At this week’s British Cattle Breeders Conference, Australian beef farmer Tom Gubbins told UK farmers to “ditch livestock showing” and embrace EBVs if they want to survive.
Read what others in the industry think about his comments and vote on the issue yourself.
Steve Jones, UK breed adviser
We have to have a balanced approach. We have to embrace the evaluations we have been given. There’s credible evidence to show they work. EBVs are not smoke and mirrors. They are based on facts.
It is difficult for people to walk away from shows, because it is part of the whole beef cattle infrastructure. However, shows need to be more comparable to commercial reality. In the dairy industry I would like to see what they have in Europe – progeny shows. That can be more of a useful addition, because you’re getting a comparison within future daughters of bulls.
Paul Westaway, beef farmer from Dymock, Gloucestershire
We use showing as part of our marketing plan. I don’t go to win prizes. I go to sell bulls. However, I would like shows to get closer to commercial reality. We would never take two out of three of our best cows at home to a show because they are not big enough. Yet they are efficient, fertile, have great udders, legs and feet, but they would never win a show.
James Evans, beef farmer, Linley, Shropshire
Showing has got no relevance in modern-day beef production. It is fine if people want to do it as a hobby. But it hasn’t got any commercial effect on my business. Animals that are shown are not the animals that are fit for the British cattle industry any more. At the moment there’s two tiers within a breed. The cows you show and the cows that commercially make money – they are not the same animal. Those traits in show cattle are not the traits proven for profitable beef production.
See also: Brown Swiss success at showing
Melanie and Michael Alford, Fox Hill Livestock, Cullompton, Devon.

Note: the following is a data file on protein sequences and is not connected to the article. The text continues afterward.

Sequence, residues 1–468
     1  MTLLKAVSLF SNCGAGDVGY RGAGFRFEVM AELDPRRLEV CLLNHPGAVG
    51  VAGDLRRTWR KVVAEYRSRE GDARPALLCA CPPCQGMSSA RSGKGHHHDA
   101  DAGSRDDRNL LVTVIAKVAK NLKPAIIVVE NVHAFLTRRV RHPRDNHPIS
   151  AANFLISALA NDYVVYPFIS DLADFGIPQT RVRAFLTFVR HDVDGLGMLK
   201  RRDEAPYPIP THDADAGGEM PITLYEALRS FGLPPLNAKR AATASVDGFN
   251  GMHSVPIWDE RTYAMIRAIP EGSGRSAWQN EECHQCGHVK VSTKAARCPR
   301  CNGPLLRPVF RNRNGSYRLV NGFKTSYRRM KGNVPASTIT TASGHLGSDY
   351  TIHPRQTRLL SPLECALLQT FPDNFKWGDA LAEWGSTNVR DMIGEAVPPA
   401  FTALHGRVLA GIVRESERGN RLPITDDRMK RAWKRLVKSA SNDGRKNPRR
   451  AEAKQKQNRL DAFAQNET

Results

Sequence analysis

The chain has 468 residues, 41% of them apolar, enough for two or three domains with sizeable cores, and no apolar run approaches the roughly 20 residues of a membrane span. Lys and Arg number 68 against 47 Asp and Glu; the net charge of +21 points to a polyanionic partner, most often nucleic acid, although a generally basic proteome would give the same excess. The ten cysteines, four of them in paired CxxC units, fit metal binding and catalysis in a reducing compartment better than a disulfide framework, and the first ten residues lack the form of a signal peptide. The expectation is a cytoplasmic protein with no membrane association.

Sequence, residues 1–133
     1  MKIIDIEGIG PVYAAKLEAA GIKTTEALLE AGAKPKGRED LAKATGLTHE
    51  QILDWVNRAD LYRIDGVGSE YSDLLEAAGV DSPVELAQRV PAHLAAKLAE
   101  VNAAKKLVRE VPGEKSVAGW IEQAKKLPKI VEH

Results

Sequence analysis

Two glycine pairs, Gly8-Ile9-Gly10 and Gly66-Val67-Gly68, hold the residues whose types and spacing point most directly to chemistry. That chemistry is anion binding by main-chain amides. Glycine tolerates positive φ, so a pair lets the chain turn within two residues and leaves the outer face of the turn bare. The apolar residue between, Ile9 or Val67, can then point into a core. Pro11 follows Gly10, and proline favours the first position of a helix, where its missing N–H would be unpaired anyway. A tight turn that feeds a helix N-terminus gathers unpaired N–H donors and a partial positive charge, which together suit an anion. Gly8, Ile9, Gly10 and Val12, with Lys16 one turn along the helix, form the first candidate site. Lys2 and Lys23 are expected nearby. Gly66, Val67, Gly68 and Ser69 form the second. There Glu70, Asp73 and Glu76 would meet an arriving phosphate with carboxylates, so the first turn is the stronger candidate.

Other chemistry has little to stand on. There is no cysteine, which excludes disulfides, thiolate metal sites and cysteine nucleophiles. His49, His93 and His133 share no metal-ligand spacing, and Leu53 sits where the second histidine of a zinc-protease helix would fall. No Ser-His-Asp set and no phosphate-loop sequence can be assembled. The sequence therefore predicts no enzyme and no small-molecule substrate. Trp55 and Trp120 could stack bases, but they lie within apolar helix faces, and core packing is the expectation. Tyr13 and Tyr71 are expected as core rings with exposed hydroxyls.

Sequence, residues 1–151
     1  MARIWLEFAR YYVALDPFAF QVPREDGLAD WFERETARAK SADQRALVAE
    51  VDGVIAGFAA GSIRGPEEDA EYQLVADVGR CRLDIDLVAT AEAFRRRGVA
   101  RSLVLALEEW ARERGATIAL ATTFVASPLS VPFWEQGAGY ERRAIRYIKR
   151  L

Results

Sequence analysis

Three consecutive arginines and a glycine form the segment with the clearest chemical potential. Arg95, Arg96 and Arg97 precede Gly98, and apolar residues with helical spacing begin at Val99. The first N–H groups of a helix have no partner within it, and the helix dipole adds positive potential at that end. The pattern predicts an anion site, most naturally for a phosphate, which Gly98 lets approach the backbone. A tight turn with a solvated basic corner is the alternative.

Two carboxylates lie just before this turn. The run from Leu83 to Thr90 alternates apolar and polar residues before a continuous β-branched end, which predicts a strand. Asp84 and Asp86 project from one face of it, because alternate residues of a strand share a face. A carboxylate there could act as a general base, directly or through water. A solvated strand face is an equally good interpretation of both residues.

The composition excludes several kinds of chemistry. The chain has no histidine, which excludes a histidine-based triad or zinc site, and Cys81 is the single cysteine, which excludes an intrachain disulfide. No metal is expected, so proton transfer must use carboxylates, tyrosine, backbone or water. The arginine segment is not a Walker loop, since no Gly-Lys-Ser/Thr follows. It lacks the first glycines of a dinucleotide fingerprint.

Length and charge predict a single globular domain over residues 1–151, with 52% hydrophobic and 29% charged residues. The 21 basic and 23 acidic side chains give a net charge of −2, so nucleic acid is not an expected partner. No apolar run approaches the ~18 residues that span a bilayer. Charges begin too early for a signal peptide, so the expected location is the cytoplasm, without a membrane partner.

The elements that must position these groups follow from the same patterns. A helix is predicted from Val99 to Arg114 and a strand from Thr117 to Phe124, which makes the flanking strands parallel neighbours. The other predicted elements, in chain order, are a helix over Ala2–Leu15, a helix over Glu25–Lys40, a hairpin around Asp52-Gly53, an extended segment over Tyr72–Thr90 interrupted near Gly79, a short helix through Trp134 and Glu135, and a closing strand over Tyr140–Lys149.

We don’t follow EBVs at all. The stock isn’t up to our standard. Cattle and sheep breeders are brainwashed by EBV figures. But the figures can be incorrect in the way they are recorded. We look at the whole picture. When I’m purchasing an animal I buy the animal I like by eye. I’m interested in the pedigree, the bloodlines and breed character – that’s not recorded on EBVs.
A real stockman knows if an animal has good muscle depth and growth by eye without having figures.
There’s no point keeping pedigree stock if you don’t like the look of them.
I’m using showing as a shop window for promoting and selling the animals I’m breeding. If no one went to shows, many farmers would never see anyone else’s stock. Shows are also educational for the public. They already don’t know enough. What is the next generation going to know about livestock [if shows stop]?
John Davies, deputy president of NFU Cymru and former Royal Welsh Show president
When you consider at the Royal Welsh we have 250,000 visitors through the gates, it is a fantastic shop window for Welsh agriculture. But one of our founding principles was to promote the latest science and innovation – we will have to remain true to that in the future.
What I’m keen to see Young Farmers do now is tell their stockjudging competitors to talk not just about the physical attributes [of an animal], but the genetic merits as well, to ensure it is fit for the future. We have to recognise the white meat industry is moving on quickly.
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